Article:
The rise of civil society together with the mass adoption of mobile devices and social media mean that there are suddenly thousands of constituencies a company may have to consider.
Just as companies have to prioritize their business decisions, they must do the same when it comes to stakeholder engagement, carefully taking into account core and priority stakeholders and opinion-formers that can help or hinder their corporate objectives and reputation. In particular, they need to know which stakeholders yield the strongest levels of influence and through which channels – an increasingly nebulous task given the wider range of actors and voices on many topics. They must also consider the appropriate channels and formats. Essential for engaging with online influencers, the Internet is rarely a focus when making the case for smallscale changes to legislation or needing to persuade a trade union of the benefits of a cost cutting program. On the other hand, customer service issues are increasingly played out online and companies have little option other than to manage complaints in public view. And, despite legal and communications challenges, firms risk appearing inept or secretive by not engaging with stakeholders online during a crisis situation. The Internet and social media also offer organizations opportunities to proactively manage and enhance their reputations. For instance, Chevron‟s „Will you join us?‟

and corrects errors in the media and elsewhere.18 Whatever the approach, building mutually beneficial relationships with stakeholders requires a medium- to longterm view and should not be done on an ad hoc basis or when you need it. This applies as much to social media as other channels - if not more so - as the battle for hearts and minds is played out in full view.

#4 Lift The Veil
As we have seen, the expectations for organizations to be more open about their business policies and activities have increased significantly in recent years, with the Internet playing a key role in leveling the information playing field and strengthening the hands of activists (and activist investors), local communities and consumers.


Burson-Marsteller Asia-Pacific

November 2011

But what is a transparent corporation, and how do you go about creating one? It‟s all too easy to say everything should be accessible, but in reality companies must tread a thin line between protecting confidential and competitive information and opening their corporate firewall, which simply tends to fuel additional expectations on openness. Listening closely to the demands of different stakeholders and engaging them sincerely in dialogue can help build initial trust, but a real commitment to transparency must be sustained over time for it to be credible.

tional „top-down‟ approach to internal communications, carefully shaped and scrutinized by corporate communications and HR. Instead, they should consider facilitating more „bottom-up‟ and „side-to-side‟ contributions enabled by social media such as internal blogs, wikis and collaborative systems such as Chatter through which employees can share thoughts and ideas and initiate conversations.20 Likewise, corporate leaders can use these tools to communicate, frame discussions and garner feedback from their people. And by talking not just about company news or industry trends but also about their personal interests and activities, leaders can present a more human face. However, like any successful conversation, it must be sincere, based on real listening and be sustained. Of course, transparency also applies to online corporate behavior. To build trust, individuals should always disclose their names and affiliations when participating in online conversations, and should scrupulously avoid ramping conversations anonymously or via third parties, a practice that can easily backfire.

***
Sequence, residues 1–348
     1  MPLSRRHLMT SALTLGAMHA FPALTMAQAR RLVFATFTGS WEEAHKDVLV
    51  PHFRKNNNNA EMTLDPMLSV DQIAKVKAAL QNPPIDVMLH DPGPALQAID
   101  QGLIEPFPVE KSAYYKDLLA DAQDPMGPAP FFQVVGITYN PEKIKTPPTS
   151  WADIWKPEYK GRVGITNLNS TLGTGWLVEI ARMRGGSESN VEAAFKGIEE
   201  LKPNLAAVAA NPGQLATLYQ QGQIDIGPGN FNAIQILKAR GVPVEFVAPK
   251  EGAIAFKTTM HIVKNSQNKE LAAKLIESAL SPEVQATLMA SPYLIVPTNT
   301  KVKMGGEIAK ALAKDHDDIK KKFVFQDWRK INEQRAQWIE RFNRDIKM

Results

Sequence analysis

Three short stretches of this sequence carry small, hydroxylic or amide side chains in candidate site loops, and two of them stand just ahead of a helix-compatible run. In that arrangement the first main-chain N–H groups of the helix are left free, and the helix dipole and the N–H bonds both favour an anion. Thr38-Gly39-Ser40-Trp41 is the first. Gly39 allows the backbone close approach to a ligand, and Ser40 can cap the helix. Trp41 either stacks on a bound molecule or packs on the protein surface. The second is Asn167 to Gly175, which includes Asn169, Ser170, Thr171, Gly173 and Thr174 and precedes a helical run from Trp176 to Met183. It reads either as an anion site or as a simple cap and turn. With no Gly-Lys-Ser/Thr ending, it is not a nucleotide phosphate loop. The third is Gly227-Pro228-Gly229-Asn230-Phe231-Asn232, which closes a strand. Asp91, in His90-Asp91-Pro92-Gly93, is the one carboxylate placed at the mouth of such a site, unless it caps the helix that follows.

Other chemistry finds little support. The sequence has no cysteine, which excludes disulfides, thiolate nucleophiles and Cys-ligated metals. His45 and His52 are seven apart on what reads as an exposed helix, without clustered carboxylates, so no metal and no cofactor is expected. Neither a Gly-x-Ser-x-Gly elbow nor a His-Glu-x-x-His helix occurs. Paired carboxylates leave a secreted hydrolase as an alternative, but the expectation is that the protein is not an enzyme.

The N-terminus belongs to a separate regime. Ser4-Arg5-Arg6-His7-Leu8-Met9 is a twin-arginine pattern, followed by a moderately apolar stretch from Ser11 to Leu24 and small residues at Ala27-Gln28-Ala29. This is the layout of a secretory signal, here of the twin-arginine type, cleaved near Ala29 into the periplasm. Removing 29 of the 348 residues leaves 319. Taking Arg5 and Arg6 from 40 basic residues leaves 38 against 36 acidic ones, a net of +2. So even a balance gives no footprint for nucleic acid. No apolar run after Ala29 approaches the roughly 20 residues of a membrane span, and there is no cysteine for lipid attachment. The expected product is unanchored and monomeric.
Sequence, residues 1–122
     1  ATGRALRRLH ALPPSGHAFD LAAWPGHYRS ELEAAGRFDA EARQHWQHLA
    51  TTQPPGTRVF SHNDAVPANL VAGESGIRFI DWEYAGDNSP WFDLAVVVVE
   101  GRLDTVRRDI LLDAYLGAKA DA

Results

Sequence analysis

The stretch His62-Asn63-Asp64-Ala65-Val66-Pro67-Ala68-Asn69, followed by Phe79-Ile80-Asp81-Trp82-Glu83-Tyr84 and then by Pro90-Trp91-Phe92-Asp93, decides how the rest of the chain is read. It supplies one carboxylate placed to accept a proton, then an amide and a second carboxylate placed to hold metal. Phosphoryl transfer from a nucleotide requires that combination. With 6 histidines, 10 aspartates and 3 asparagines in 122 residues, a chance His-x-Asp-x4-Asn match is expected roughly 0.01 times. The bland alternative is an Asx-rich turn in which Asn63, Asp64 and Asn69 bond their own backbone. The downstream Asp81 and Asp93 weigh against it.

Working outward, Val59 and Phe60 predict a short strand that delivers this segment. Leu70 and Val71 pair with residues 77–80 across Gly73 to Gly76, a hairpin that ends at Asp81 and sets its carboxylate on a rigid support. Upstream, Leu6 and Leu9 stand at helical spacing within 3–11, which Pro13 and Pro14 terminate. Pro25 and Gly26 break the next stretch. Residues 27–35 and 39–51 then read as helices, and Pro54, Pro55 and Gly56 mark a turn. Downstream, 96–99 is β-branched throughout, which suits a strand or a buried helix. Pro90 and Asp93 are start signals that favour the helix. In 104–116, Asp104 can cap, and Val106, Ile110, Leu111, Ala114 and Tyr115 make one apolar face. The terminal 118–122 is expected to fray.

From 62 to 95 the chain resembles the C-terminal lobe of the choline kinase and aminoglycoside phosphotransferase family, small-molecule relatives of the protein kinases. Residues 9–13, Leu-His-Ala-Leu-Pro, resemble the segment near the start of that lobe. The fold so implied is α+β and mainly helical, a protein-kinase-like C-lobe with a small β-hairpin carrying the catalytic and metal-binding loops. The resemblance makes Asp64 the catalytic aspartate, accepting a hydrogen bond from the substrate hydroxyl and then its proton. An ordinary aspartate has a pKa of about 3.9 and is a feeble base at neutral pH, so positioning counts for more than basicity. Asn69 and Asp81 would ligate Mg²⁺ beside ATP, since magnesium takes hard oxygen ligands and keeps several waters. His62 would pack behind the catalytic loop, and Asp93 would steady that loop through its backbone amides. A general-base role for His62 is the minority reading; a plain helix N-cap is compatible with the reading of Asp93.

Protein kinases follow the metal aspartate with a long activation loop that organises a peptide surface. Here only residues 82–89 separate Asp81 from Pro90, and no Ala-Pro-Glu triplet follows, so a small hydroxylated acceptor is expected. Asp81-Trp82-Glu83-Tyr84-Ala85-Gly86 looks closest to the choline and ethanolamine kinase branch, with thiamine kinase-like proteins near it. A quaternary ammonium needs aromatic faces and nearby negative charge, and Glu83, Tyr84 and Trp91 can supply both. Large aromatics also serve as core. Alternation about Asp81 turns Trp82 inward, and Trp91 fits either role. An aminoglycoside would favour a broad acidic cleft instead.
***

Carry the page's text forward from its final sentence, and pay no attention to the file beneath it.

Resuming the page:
Companies must tread a thin line between protecting confidential and competitive information and opening their corporate firewall.

A good place to start is within the company itself, notably ensuring that the appropriate corporate governance policies, internal controls and disclosure practices are in place and that the Board has full access to the information it requires. They must also consider their transparency strategy – to what extent can and should they disclose their business, social and political activities? At a broader level, employees need to know and believe in their firm‟s vision, strategy and contribution; they should be your most articulate and passionate brand ambassadors. Yet for many companies, internal communications is less of a priority than keeping investors, regulators and the media on side. A real commitment to keeping employees as fully appraised as possible on the firm‟s beliefs and activities – through internal town halls, a rich and up-to-date intranet or internal newsletters – can help build trust internally, limit negative word-of-mouth and reduce employee churn. Nonetheless, these tools may no longer be sufficient. Younger „Generation Y‟ staff and graduates expect employers to offer them the same level of engagement and transparency as they experience on Facebook. They believe that they too have a voice, and are accustomed to using it. And if they can‟t voice their feelings internally, a gripe on Facebook or an anonymous post to a company review site such as Glassdoor are all too appealing an option.19 Companies, then have to think carefully about the tradi9